Instagram, for most of us, is a simple app that allows us to share photos of our brunches, nail art and cats or, in other words, our (slightly edited) day-to-day lives. For others, however, Instagram is more than that. It's a helpful tool for building communities based on common experiences, all of which are discovered through hashtags. Sure, it sounds trite on the surface, but dig a little deeper into one such community — the community of women with incarcerated loved ones — and you'll learn that it's anything but.
In a stirring article for Vice called "Instagram Prison Visit," writer Whitney Mallett speaks to several wives and girlfriends of prison inmates across the country about how access (or, in their partners' case, lack of access) to social media has both hindered their relationships and put them in touch with other women in their situation.
As most people know, prison inmates are not allowed access to the internet or any type of social media. As such, prisoners often find themselves living in a different and more out-of-touch world from their loved ones and families in a technological sense as well as a social sense. Naturally, this affects their wives and girlfriends, too.
This exclusion from the world of social media means that prisoners can't maintain the social-media relationships that most of us take for granted. While families and couples separated by distance can today connect through a variety of communications devices, inmates can't like or regram the photos their girlfriends take before they visit. They can't send a sext or an emoticon heart or a simple "i miss u."
Prison visitors are thoroughly searched before entering the visitation room and seeing their jailed loved one. They are not allowed to bring in cell phones or cameras, which — in a world where we document even the most mundane moments of our day (brunch, nails and cats) — leads many women to update their Facebook statuses and Instagram feeds on the often hours-long commute to the incarceration facility:
Alex Dimichel's fiance is in Rikers Island in New York City. Even though the charges against him have been dropped, he's stuck in prison for around a year because he violated parole when he got arrested. On Fridays, Saturdays, and Sundays visiting hours are in the morning, so when Alex goes to see him she has to wake up at five AM—on her Instagram you can see selfies tagged #morning and #tired and #goingtoseemybaby. She has to take a train and a bus and go through processing at Rikers before she can see him, so she's not face to face with him until around nine.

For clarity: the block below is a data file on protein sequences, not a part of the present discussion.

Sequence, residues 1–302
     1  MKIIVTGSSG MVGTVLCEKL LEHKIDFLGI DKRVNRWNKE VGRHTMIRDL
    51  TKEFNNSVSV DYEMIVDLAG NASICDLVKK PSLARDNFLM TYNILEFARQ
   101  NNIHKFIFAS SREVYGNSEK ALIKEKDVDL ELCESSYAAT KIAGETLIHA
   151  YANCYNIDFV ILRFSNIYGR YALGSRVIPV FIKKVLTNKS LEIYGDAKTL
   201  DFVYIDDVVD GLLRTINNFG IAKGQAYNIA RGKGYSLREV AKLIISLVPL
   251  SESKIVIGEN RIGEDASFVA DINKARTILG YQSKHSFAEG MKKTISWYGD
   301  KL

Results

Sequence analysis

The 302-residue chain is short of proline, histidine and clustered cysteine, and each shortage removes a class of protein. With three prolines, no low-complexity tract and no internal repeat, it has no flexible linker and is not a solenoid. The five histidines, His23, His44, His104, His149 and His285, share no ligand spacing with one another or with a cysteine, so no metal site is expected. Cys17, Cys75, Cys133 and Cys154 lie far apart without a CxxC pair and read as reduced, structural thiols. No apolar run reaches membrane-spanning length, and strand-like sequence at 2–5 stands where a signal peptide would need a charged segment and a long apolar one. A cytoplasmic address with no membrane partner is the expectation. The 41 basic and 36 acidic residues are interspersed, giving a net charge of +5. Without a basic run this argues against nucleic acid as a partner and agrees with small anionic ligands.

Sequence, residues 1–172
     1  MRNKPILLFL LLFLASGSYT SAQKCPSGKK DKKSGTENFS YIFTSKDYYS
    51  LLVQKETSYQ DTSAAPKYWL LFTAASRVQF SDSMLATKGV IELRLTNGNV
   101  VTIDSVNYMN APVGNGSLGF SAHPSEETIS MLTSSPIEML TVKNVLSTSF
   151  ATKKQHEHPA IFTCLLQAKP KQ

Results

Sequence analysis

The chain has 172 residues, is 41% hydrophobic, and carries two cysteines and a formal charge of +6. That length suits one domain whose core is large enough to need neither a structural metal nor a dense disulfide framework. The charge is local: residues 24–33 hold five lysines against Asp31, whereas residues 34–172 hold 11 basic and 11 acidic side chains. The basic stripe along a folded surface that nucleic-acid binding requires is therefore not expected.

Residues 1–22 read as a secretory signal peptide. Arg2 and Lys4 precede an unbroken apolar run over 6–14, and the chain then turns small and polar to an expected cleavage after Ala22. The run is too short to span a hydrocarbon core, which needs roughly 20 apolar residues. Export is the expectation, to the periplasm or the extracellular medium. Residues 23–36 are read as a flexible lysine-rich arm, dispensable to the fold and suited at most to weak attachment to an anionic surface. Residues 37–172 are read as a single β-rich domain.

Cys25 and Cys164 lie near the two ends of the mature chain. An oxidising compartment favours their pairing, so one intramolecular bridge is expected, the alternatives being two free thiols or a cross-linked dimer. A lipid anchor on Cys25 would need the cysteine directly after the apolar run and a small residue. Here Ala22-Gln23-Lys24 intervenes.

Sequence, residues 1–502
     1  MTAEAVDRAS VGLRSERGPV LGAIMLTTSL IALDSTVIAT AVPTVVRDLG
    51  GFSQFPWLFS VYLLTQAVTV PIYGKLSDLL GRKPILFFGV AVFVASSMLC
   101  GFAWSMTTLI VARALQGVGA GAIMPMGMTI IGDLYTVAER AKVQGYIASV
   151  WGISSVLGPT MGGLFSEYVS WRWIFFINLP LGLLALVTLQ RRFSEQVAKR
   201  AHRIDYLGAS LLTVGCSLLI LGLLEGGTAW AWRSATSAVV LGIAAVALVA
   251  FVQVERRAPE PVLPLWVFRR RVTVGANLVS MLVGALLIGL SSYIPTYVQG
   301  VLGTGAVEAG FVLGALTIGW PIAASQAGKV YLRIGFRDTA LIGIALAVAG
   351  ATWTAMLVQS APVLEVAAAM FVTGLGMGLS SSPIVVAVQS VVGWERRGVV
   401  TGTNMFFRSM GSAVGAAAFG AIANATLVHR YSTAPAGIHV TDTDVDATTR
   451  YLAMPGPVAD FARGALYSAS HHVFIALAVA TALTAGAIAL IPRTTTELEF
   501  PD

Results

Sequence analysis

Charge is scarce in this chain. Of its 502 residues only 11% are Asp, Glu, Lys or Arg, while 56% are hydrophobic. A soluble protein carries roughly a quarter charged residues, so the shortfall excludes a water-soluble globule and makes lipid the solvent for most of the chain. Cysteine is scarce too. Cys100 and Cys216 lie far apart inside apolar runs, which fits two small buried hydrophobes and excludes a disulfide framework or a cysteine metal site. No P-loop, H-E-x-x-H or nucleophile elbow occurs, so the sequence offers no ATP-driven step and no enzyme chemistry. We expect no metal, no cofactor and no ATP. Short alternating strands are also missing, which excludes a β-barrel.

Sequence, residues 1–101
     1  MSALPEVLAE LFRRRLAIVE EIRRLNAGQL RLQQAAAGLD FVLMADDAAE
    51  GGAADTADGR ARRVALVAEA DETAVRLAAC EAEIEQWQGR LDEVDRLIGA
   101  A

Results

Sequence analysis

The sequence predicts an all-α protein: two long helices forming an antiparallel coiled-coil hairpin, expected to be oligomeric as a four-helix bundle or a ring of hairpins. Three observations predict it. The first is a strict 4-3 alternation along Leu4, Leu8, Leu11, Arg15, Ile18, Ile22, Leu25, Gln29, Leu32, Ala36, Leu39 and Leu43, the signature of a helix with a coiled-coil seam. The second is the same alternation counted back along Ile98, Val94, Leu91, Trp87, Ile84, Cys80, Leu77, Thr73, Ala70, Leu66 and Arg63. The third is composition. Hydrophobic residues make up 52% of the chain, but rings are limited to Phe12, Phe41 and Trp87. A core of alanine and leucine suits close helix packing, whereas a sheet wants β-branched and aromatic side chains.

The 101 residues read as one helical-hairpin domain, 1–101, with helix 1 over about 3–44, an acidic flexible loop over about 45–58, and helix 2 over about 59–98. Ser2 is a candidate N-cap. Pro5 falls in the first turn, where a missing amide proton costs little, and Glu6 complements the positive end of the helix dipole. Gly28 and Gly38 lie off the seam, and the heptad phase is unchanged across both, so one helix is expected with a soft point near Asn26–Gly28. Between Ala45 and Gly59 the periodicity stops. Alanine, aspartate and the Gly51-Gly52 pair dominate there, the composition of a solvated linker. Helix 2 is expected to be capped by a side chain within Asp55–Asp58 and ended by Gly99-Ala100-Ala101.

The article, which starts off exploring the seemingly shallow topic of prison parking lot selfies, soon takes an interesting turn, instead focusing on how the U.S. prison system punished not only those who are serving time, but the people on the outside who dare to love someone who is being punished by the law:
"The guards themselves, you've got you're nice ones and you've got the ones who are jerks," explained Mindy. "There's one officer, he doesn't look at us like we are scum. But there are some… I swear they are passing judgment the way they look at me."
Then there's the disturbing issue of guards sexually harassing female visitors and the trouble with ever-changing dress codes:
The women's clothing is monitored carefully by the corrections officers, who are free to penalize or bully them. When she visited her husband when she was in her 20s, asha [who chooses to spell her name lower-case] said she suffered "subtle forms of sexual harassment that happen to wives, especially younger women." Once she had to take her bra off and put it in a bag; another time she was forced to shake out thongs she had packed for a trailer visit in front of a group of people.
Some problems come down to simple logistics. Many inmates are sent to prisons that are states away from their families, meaning only the family members who can afford to travel are given the opportunity to visit.
Instagram, it seems, is a small silver-lining for the women with incarcerated loved ones, allowing them to find each other and relate without fear of judgement.
As Mallett puts it:
When Instagram is used this way, it's more than mere vanity for women like Mindy and Alex. Hashtags like #prisonwife, #visitday, and #freemybaby help women connect and share stories and experiences. Mindy told me Instagram is somewhere she can find support without judgment, adding that in the rest of the world "there are too many negative comments and ideas about why I'm with a prisoner."
You can find Mallett's entire article here. It is eye-opening and well worth the read.
Image via AP Images.